ECI Lines Up Acquisitions
The company, which reports its first-quarter financials today, is brimming with confidence and ambition following its investment in core router vendor Chiaro Networks Inc., which claims it has more deals in the pipeline to add to its initial European carrier contract (see Chiaro Lands ECI Investment and Chiaro Scores in Tiscali's Core).
That minor investment -- only $6 million, and just part of what Light Reading now believes was a substantial funding round of more than $20 million -- gave ECI a product with which to challenge Cisco Systems Inc. (Nasdaq: CSCO) and Juniper Networks Inc. (Nasdaq: JNPR) in operators' next-generation IP plans.
The chief attraction of Chiaro's Enstara, says one carrier executive with experience of the core router, is that "it's cheap." And with increasing signs that lower price tags are carrying greater weight these days, that's an attribute to be respected (see BT Unveils 21CN Suppliers).
Now ECI is looking for more opportunities to expand its technology portfolio via investments and acquisitions. "We have a lot of cash, and we're boosting our M&A activities," says Aviv Ronai, marketing VP in ECI's broadband access division. "Some of those deals are in progress, and we're looking to buy in areas where we don't currently play."
The company claims to have cash reserves of about $280 million at present (see ECI Boosts Its Balance Sheet).
ECI's certainly in better financial health than it has been for several years, having restructured and focused on optical networking and broadband access. It generated a net profit in 2004, albeit only $10.2 million from annual revenues of $497 million, but that followed four straight years of losses (see ECI Reports Q4 Profit).
That recovery has helped its stock in the past year, with the company currently trading at $7.22, giving the vendor a market capitalization of $783 million. A year ago its share price was $5.34 (see chart below).
The company believes it has built a solid position in broadband access -- with Tier 1 DSLAM customers such as France Telecom SA (NYSE: FTE) and Deutsche Telekom AG (NYSE: DT) -- upon which it can build a bigger business based on carriers' triple-play and next-gen network needs (see Dittberner Details DSLAM Market and ECI Gets T-Com DSL Extension).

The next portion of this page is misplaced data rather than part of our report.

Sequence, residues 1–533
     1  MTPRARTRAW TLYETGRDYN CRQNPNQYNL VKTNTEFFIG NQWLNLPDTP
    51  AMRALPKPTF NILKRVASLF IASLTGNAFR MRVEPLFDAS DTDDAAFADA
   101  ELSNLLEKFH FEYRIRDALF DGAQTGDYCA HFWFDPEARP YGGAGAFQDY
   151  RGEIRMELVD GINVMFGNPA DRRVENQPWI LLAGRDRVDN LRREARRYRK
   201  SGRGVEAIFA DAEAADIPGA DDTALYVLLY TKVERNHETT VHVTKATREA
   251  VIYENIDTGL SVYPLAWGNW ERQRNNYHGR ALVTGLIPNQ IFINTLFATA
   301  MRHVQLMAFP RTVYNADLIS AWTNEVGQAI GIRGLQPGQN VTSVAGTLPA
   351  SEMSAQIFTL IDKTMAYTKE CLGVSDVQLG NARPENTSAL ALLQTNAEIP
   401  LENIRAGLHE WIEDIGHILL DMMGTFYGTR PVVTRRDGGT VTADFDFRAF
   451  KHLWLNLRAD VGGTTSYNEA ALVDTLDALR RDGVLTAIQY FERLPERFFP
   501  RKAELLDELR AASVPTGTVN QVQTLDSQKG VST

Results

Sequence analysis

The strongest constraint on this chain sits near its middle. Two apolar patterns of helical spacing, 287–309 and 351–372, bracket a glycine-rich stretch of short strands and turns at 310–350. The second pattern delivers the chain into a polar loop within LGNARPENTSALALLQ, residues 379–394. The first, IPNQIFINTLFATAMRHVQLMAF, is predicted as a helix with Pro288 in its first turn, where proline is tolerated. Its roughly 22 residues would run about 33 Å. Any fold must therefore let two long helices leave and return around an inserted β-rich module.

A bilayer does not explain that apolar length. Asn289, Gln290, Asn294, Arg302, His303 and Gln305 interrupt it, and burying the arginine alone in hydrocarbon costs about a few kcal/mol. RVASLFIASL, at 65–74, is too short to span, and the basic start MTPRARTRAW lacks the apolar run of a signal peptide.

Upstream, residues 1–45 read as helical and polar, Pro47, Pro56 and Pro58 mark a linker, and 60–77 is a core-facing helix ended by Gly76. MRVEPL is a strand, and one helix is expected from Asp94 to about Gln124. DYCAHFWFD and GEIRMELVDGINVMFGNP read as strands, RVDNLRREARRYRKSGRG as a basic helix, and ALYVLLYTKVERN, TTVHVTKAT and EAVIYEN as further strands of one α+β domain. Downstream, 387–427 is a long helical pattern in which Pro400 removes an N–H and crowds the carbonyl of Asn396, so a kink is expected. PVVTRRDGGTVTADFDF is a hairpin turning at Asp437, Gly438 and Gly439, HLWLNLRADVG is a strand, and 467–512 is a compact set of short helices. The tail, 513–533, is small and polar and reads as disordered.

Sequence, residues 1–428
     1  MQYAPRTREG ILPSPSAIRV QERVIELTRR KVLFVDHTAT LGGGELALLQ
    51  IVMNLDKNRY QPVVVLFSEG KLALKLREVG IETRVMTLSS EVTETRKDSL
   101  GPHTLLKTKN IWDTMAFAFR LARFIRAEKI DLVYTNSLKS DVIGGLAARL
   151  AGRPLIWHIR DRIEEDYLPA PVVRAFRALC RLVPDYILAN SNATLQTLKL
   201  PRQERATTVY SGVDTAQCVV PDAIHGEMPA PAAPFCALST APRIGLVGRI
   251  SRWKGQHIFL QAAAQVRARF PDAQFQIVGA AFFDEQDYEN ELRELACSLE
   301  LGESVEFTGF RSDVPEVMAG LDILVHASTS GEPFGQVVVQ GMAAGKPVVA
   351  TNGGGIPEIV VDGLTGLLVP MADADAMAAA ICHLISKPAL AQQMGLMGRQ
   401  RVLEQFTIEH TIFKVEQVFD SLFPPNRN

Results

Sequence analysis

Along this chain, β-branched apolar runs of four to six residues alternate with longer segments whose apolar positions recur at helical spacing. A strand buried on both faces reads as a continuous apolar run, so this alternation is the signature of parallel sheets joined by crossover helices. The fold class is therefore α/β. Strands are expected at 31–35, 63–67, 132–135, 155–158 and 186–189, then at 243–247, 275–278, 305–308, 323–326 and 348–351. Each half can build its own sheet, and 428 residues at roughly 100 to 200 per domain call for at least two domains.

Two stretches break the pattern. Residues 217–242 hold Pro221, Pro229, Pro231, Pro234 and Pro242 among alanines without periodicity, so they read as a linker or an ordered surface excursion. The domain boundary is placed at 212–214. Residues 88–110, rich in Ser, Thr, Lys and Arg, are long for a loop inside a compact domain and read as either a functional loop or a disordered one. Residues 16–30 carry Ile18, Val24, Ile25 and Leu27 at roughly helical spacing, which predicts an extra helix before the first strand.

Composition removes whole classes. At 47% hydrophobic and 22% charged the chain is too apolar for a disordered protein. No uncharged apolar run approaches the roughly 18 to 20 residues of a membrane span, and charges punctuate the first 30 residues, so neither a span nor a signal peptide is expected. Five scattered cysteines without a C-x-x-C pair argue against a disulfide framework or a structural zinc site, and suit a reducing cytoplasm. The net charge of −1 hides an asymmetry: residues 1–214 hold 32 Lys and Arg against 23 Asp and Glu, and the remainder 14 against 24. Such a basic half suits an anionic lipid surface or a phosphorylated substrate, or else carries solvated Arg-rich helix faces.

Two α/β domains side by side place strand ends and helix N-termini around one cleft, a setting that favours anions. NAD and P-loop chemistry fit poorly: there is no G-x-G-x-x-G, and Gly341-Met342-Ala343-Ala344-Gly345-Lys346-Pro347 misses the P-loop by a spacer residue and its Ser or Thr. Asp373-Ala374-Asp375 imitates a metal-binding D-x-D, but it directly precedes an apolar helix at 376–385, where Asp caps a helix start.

In the fourth quarter of 2004, ECI's broadband access division recorded revenues of $60 million from a total of $140 million, while its optical networks division recorded revenues of $72 million. The remainder came from softswitch vendor Veraz Networks Inc., in which ECI holds a 43 percent stake.
Ronai says France Telecom's IPTV services are being delivered using ECI's access gear, while Taiwan's Chunghwa Telecom Co. Ltd. has based its triple-play services on a combination of ECI's multiservice access gateway, the Hi-FOCuS, and edge routers from partner Redback Networks Inc. (Nasdaq: RBAK). (See Chunghwa Deploys Redback Gear and Redback and ECI Buddy Up.)
"We've been getting into trials with many European incumbents, and we're expecting high-volume shipments in 2007 once the shift to multiservice access really takes off," says Ronai.
He's also keen to talk up his firm's involvement in BT Group plc (NYSE: BT; London: BTA) FTTP trials, though there's no indication that will lead to any purchase orders (see ECI's FTTP Goes Live in BT Trial).
In optical transport, ECI continues to add numerous contracts in Europe and Asia/Pacific. (See ECI Lands Finnish Optical Deal, ECI Bags Army Optical Deal, and ECI Bags Bharti Optical Deal, for examples.)
In addition, ECI claims its partnership with Nortel Networks Ltd. (NYSE/Toronto: NT) is beginning to bear fruit, with deals in Spain and Denmark (see ECI Gets Euro FTTH Deal, Nortel Wins Contracts, Partners, and Nortel Gets Back Into Broadband). "Both companies are investing in the logistics of this partnership. Expect some major activities in this channel," predicts Ronai.
So with multiservice access, optical transport, softswitching, and core routing already covered, where might ECI spend its dollars? Well, it seems ECI might still be interested in minor acquisitions in its existing sectors (see ECI Buys Optical Biz in China). The company declines to put a value on any such transaction.
And it's giving few hints about its M&A targets. Ruben Markus, the company's executive VP of global sales and strategy, says ECI has been working closely with carriers to determine what they need in a next-gen IP world. "It's one thing to deploy an IP network that caters for best effort, and another entirely to build an IP network that has similar capabilities and robustness of traditional SDH networks. And it's not just about equipment any more -- it's about enabling new types of services. That's leveling the playing field. There's no one company that has the breadth of capabilities needed for billable IP services," says Markus.
Industry speculation suggests ECI and edge router vendor Laurel Networks Inc. have held talks, with ECI backing off because of Laurel's high asking price. Both companies declined to comment on that rumor.
Another sector where ECI might explore expansion opportunities, according to an executive from one of the firm's partners, is Ethernet switching, where products would complement the Ethernet capabilities in its multiservice access product. While partner Nortel should be able to meet ECI's needs in this area, that might not stop ECI wanting to own some technology.
Other potential areas of interest, suggest industry executives who requested anonymity, include security, where Cisco and Juniper have been active with their M&A strategies, and service delivery platforms, a current hot topic (see Why SDP Matters Now).
— Ray Le Maistre, International News Editor, Light Reading